At last weekend’s Governor’s Ball, there were festival-goers carting inflatable plastic dinosaurs, cardboard cutouts of a shirtless Jeff Goldblum, as well as huge blown up pictures of their own faces. Did I laugh when I saw these things? Hell yes, I did. They were really funny. I did wonder, though, why this batch of concertgoers also tried to get their own hashtags (associated with their particular stunt) trending on social media feeds. It seemed that these people were trying to be a part of the show. Was the music their primary focus? Well, no one can say what their intentions really were, but, I, along with other festival-goers around me, was distracted from the performer up on stage by their antics.
The use of social media, or any sort of recording during a concert is not necessarily a bad thing. I’ve definitely snapped photos of an artist and tweeted them out after the set with a few comments about the performance. In fact, it can be really interesting to see the story all the members of the crowd have created together with their tweets about the show and photos from different angles of the stage. But, what about those Snapchat-happy concert-goers taking ten-second grainy videos and selfies of themselves with the stage? They’re breaking their engagement with the performance and not even creating a memory for themselves to look back on. They blast out these bits of Snapchat distraction to a list of friends to let them know what they’ve been up to all weekend. Ultimately, this type of online interaction boils down to them, and not the events of the festival they came to see.
In an interview with Reuters prior to last weekend’s festival, Governor’s Ball founder, Jordan Wolowitz, shared his views on the event’s role as a New York-based festival—a market that was previously hard to tap—that caters to eclectic tastes. Wolowitz said that fans are “digesting more music and their palates are more diverse than ever” and that Governor’s Ball is “indicative of how people digest music in the 21st century.” Wolowitz is dead on. After all, a music fan can be dialed into just about any genre as long as she has internet access and a bit of curiosity.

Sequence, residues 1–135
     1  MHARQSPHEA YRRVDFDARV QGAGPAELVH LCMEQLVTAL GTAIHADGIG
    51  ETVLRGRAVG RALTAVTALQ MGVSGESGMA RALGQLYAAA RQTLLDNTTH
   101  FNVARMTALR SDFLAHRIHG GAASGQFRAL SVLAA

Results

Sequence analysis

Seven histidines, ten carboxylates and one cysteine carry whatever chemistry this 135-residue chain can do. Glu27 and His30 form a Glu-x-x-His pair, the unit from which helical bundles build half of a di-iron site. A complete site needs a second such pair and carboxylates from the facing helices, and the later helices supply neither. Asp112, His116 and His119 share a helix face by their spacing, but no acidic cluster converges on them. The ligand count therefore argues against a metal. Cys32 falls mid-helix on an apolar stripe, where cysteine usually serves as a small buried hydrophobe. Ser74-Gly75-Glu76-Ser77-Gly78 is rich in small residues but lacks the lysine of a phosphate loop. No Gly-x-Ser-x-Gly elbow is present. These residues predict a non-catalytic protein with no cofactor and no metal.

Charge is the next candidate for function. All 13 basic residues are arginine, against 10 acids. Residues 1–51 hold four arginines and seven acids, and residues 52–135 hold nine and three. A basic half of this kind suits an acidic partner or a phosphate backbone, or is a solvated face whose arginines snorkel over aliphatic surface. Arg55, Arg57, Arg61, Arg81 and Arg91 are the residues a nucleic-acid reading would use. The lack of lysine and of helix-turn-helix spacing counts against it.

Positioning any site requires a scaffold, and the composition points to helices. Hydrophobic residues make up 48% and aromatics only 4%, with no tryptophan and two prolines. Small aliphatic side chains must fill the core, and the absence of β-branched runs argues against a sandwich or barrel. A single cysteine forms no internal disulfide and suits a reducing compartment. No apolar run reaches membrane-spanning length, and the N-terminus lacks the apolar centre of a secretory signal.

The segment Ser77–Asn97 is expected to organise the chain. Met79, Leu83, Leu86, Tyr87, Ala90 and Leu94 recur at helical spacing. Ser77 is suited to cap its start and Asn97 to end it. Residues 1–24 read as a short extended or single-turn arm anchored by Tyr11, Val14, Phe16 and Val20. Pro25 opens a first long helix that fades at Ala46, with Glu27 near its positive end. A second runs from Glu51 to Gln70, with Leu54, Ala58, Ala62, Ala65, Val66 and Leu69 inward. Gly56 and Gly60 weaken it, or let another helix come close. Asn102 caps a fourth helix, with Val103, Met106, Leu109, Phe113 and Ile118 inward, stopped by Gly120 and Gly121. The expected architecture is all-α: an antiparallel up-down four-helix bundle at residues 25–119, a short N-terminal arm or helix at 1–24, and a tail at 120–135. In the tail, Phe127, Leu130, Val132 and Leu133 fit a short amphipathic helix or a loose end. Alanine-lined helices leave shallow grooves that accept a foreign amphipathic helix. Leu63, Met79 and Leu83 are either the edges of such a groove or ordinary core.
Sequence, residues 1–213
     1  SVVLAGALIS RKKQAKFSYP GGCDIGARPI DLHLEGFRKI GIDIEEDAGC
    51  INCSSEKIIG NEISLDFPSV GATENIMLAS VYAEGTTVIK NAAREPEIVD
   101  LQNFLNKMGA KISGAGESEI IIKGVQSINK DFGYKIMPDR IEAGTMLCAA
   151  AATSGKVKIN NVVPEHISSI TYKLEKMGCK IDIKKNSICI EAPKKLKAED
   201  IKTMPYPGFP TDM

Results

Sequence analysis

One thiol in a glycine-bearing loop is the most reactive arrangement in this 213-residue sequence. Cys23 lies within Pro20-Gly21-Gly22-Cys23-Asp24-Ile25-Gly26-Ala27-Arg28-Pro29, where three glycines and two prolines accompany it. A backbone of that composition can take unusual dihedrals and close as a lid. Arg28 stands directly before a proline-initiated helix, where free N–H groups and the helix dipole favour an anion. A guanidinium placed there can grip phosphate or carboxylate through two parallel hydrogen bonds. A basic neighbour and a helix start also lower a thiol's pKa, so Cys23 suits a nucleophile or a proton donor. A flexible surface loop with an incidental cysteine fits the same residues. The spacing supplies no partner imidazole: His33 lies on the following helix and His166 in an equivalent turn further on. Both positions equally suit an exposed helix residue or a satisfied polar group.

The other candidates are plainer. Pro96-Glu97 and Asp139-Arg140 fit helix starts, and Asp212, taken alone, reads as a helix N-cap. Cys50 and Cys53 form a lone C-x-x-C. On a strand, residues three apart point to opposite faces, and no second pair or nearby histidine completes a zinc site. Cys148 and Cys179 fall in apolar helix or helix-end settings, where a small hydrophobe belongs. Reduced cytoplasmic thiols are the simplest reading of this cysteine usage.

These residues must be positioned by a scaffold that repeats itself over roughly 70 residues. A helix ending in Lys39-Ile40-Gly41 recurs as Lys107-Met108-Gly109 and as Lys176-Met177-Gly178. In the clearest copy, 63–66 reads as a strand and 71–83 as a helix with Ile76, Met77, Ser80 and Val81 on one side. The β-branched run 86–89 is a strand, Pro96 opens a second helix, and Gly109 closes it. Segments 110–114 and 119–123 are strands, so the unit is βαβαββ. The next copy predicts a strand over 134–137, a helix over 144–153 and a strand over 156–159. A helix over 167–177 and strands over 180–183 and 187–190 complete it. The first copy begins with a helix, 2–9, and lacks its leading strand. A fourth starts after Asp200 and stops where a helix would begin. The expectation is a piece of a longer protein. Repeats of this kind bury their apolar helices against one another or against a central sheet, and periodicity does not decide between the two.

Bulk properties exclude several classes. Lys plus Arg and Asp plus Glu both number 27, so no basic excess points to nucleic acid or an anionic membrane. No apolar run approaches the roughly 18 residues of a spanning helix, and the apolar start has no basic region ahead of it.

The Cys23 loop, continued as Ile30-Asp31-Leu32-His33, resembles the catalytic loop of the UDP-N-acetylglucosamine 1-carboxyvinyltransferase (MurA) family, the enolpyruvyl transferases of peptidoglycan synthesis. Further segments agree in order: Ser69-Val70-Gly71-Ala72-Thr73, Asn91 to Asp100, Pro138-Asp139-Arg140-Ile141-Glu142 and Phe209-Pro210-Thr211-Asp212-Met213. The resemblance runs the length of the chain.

But before we pat ourselves on the back for our eclectic tastes and celebrate the genre-spanning nature of many contemporary music festivals, we must consider the way this translates to the individual music fan’s experience of a live show. Perhaps the festival-goer relentlessly hops from stage, to stage, to stage, one after another—he gets the perfect Instagram shot, but was he really listening? Or, was he just devouring each experience, contemplating its precious place within his personal feed?
On our computers, we have dozens of tabs open in our browsers, but maybe we’re only skimming through the content. We can talk about culture without even interacting with the work itself, without even listening to the song. Is self-centered Internet babble spilling out into our everyday lives and into the experience of live music? For some fans, this appears to be the case. Phone in hand, it’s so much harder to forget the smelly guy next to you, the elbow that keeps jamming you in the back, and how it feels to just let the music wash over you without a care about how you look, or who knows that you’re there. To get to this space is so much a part of seeing a live show, and you cannot get there when you’re posing mid-Snapchat, eyes cast down at a screen.
Follow Mel Johnston on twitter @mel_johnstonx